What are FIFA’s new loan regulations and how will they affect football?
The new regulations are expected to come into effect from July 2022 after approval from FIFA Council’s next meeting.
As a part of FIFA’s broad project to streamline the player transfer system, a new set of rules regarding loan spells is set to come into effect. The regulations are set to follow the decision passed by IFA Football Stakeholders Committee last year. Wealthy sides have always tended to be on the sunny end. They have hoarded talents and loaning them out to smaller sides to reap benefits if the spell is successful. This has, as per FIFA’s understanding, disrupted the competitive balance between clubs.
From the full details about the new set of loan regulations to the effects and repercussions that it will have in football, here’s all that you need to know about it.
What will be changed?
The new regulations have been introduced to ‘develop young players, promote competitive balance and prevent the hoarding of players’. It will see changes being made to the number of departing and incoming loanees allowed. Furthermore, changes in the minimum and maximum loan time, club-to-club loan ratio are also proposed.
First, and perhaps the most striking change is the limit set in the maximum number of loans per season. Starting 2022/23, clubs will be able to loan out only eight players a season. This number will reduce to six by 2024/25. In order to transition smoothly, the plan will be executed in three steps, with the 2023/24 season making seven loan outs valid. There’s no limit in terms of the numbers at present.
The second major regulation is regarding the terms and formalities of loans. A loan deal must last at least two windows, and should not exceed one year. Similarly, a detailed written agreement, detailing the nuances like financial terms and duration, will be compulsory in each move. In addition, at any given time, a club will not be allowed to send more than three players to the same team and vice versa.
Who will be most affected by this change?
The general answer to this question would be all the big and wealthy clubs in Europe. What has been called ‘talent hoarding’ in recent years, big clubs love to acquire any budding and upcoming talent first. However, there are a few standouts. European champions Chelsea will be one of them, with Atalanta being the other.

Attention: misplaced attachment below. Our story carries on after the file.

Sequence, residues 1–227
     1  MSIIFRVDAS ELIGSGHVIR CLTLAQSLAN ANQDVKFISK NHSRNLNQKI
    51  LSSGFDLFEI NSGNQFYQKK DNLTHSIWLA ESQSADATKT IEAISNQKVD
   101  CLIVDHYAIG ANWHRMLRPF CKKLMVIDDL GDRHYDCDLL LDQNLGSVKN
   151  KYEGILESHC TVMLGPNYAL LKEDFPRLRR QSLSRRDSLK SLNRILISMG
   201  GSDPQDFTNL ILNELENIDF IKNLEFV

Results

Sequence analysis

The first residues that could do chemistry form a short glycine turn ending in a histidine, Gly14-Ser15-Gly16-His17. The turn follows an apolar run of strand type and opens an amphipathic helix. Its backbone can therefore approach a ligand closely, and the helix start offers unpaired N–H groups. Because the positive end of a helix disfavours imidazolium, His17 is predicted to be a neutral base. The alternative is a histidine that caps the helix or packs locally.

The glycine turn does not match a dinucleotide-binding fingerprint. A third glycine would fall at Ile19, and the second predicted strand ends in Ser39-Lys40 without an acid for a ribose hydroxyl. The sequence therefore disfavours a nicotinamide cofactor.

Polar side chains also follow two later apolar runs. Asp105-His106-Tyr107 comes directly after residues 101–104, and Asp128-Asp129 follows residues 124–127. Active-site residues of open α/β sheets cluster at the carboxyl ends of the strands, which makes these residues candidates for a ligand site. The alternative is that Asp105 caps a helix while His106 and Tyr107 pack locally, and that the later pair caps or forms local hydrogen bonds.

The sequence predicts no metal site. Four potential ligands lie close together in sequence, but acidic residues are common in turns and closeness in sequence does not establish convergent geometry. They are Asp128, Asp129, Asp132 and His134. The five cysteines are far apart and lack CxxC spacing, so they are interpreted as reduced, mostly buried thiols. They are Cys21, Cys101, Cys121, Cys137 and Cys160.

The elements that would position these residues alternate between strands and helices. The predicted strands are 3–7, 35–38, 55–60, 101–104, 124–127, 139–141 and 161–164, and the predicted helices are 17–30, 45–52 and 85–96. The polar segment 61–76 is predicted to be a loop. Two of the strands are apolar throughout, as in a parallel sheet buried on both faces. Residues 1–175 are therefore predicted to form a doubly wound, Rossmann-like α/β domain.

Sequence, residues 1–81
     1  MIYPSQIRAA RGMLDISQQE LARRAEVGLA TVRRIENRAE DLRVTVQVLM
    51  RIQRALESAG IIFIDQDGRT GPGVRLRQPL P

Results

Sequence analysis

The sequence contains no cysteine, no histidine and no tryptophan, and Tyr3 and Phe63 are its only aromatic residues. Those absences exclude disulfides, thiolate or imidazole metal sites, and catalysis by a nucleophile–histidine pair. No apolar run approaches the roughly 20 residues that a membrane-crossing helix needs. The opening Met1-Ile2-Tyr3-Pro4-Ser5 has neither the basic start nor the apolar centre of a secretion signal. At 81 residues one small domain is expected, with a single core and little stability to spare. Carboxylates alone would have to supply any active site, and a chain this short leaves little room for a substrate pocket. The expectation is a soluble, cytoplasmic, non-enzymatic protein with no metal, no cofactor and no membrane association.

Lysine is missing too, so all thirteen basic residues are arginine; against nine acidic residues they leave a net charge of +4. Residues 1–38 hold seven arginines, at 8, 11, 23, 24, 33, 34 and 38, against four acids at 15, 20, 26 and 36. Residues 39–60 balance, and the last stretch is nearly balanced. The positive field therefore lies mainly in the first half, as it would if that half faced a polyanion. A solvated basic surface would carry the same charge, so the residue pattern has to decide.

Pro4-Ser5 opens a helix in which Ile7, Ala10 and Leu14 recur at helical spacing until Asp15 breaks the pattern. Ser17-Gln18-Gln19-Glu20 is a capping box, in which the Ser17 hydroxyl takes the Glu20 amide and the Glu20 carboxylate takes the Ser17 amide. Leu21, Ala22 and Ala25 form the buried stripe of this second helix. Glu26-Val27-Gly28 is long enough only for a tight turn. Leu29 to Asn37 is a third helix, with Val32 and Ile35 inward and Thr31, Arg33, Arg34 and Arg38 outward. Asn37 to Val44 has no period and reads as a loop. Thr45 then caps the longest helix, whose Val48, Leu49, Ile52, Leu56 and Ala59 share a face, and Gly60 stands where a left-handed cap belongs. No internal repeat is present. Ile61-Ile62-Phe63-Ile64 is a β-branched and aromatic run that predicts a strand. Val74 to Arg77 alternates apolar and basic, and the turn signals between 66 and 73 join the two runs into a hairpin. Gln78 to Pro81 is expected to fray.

The Blues have 21 players out on loan in the current season and have built a reputation out of it. A large pool of Chelsea’s youngsters are on loan and the club will likely call only a few back to Stamford Bridge ultimately. Chelsea will have to trim the count next season, which might result in departures of Billy Gilmour, Conor Gallagher, Armando Broja, Michy Batshuayi, or Tiemoue Bakayoko. The space will only be tighter as the number decreases to six in two seasons’ time.
On the other hand, the rising Italian side Atalanta will have a bigger problem in hand due to the new loan regulations. Cheeky loan strategy has contributed significantly to the side’s recent rise. Atalanta are notoriously known for using loan spells to ensure game time and draw players back when they’re experienced. Hence, the side currently has 63 players out on loan. Not only will they have the challenge to trim the loan-outs, but to get around and find another source of talent production.
How can clubs potentially work around this?
While there will be constraints, there will be loopholes that can be opened. The new loan regulations exempt players under 21 and younger, as well as club-trained players. That is to say, players loaned out or brought on loans that are under 21 will not be counted at all. Hence, loaned out teenagers will be allowed, and subtracting the number, Atalanta will have 17 players left.
In addition, club-trained players, a term that does not have a rigid definition yet, will be off the books as well. The next council is likely to determine the parameter. This is likely to be any player between 15 to 21 years of age who has trained for at least three years at the club. Clubs that acquire young players, and keep them for three years at the academy will be able to loan them out.
Considering the uncertainty, Leeds United’s current recruitment policy might be an exemplary practice. Marcelo Bielsa’s side normally sign young players for their under-23 side. Tehn they promote them to the first team after a couple of seasons. Using this approach, Pascal Struijk already qualifies as homegrown talent, albeit joining the side relatively late.